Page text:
This unfortunately wouldn't work as the iPhone, once connected, will draw down the voltage of the panel and halt any charging activity. This is because a solar panel is electrically a current source, not a voltage source, and so cannot maintain its output voltage under heavy load.
When the iPhone is connected to a power source, it will attempt to draw current at 5 V from the source. Most iPhone chargers can supply more than 1 A current, and generic standard chargers will supply at least 500 mA. The iPhone, once connected, will draw all 250 mA that the panel can supply (it is attempting to draw even more current). When this happens, the solar panel voltage will drop out and charging will stop. This is because a solar panel can only operate on its I-V curve. For more info on the physics of why this happens, read up on the theory of solar cells.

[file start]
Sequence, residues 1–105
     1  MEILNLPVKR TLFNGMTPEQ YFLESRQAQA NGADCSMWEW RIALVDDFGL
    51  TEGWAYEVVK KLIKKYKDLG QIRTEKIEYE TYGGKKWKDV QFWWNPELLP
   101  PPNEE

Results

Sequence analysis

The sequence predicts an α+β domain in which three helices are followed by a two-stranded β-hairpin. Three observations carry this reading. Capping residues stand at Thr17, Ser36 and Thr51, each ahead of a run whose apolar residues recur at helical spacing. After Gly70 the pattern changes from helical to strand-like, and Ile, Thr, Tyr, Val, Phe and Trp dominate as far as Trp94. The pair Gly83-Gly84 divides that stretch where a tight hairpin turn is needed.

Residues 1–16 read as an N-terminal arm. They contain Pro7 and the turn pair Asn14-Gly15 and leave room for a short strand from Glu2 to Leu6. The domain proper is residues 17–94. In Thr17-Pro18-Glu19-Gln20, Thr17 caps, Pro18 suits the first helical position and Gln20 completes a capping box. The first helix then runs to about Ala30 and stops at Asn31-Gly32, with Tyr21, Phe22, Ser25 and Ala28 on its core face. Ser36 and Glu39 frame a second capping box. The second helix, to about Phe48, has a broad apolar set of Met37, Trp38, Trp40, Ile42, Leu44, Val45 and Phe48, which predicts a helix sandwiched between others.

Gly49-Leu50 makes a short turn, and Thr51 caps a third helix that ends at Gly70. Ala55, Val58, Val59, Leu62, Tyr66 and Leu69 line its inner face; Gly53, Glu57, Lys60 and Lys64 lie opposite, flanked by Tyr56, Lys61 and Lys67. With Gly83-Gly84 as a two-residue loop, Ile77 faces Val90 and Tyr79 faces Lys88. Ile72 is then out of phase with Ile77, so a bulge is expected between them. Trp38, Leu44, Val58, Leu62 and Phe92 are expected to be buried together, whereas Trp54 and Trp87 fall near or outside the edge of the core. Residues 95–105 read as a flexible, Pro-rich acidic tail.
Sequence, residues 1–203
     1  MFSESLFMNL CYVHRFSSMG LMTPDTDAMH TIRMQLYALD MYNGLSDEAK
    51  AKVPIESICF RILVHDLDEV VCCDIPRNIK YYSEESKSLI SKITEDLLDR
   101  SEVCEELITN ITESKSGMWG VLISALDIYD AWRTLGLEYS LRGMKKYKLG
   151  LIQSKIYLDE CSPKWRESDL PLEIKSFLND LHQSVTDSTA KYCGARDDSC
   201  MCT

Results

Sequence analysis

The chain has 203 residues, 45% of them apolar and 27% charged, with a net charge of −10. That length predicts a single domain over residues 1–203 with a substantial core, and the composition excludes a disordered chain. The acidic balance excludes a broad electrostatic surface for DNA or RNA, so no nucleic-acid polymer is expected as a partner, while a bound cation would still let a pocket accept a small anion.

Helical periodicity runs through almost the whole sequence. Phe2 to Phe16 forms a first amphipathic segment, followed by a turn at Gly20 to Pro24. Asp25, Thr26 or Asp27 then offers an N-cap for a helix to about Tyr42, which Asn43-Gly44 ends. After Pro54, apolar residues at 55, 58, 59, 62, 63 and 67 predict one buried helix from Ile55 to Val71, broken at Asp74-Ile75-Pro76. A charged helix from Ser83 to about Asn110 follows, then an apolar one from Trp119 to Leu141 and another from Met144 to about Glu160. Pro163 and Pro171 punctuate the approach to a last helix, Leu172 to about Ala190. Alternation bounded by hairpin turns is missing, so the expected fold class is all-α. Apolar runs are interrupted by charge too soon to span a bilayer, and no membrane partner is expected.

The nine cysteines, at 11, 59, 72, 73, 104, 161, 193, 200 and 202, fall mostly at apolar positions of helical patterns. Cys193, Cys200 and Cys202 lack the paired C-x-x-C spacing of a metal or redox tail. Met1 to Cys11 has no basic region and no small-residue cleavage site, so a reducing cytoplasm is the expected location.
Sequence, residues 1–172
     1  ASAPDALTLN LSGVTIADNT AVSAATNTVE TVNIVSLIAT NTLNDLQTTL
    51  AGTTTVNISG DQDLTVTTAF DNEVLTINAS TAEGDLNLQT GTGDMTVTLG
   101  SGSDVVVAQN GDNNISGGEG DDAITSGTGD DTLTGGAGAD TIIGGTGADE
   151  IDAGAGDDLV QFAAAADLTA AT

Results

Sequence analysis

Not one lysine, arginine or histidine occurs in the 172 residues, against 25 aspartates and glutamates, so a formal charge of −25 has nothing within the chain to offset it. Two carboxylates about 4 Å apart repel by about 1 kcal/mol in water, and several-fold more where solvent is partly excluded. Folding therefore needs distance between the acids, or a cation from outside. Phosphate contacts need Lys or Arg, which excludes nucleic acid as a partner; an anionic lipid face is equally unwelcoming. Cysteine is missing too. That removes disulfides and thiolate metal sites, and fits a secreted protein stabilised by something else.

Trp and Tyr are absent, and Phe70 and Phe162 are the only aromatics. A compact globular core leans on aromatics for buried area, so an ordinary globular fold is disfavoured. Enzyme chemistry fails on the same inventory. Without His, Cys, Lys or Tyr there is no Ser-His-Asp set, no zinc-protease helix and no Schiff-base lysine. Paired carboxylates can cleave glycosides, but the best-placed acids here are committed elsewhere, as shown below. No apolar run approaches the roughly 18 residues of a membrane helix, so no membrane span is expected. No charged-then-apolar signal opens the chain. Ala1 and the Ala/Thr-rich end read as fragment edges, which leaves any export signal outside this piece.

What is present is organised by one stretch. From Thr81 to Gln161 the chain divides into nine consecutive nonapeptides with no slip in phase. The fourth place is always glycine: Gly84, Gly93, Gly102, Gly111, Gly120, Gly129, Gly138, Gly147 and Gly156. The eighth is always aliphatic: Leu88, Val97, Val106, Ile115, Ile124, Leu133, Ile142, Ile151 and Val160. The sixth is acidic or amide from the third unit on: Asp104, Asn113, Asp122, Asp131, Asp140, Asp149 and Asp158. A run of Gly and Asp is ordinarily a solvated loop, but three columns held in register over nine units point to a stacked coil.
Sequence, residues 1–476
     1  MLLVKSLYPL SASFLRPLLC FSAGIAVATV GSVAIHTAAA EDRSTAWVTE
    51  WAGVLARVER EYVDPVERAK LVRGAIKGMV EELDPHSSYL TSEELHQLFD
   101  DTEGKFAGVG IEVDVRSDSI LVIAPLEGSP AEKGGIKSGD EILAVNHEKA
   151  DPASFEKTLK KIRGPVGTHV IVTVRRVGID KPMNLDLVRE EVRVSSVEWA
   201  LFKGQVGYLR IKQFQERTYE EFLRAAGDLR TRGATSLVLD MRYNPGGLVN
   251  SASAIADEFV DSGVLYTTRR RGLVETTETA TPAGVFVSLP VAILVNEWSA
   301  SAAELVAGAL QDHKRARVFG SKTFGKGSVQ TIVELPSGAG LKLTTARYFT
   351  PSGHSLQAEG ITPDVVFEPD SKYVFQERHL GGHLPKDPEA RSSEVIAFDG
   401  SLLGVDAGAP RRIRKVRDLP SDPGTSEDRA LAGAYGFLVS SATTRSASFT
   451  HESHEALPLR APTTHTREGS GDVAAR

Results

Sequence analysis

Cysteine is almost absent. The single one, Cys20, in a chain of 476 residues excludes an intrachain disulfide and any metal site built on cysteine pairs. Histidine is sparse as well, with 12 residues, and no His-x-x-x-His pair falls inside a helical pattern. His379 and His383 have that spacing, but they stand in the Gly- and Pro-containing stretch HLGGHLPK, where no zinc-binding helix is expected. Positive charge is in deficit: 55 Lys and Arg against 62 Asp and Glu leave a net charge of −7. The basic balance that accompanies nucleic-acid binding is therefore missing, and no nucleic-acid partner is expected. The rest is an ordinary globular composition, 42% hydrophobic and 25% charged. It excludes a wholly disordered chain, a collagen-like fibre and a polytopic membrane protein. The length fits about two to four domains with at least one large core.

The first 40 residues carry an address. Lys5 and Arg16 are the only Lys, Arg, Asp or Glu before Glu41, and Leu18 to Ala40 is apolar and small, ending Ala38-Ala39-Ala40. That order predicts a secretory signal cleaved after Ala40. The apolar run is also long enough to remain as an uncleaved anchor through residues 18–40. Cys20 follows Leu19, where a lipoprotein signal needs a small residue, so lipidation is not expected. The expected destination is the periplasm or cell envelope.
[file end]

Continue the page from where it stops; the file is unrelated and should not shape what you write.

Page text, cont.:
When the panel current is at its maximum (250 mA), the voltage is 0 V. This is also known as the short-circuit current (Isc) operating condition. You can try this for yourself by connecting the positive and negative leads of the solar panel together and measuring the voltage between them. What you'd see on your iPhone setup is the charging starting, then stopping, then starting, then stopping ... resulting in no charging. To make this work, you need a larger panel plus some other components. There are a lot of Instructables that show you how to do this.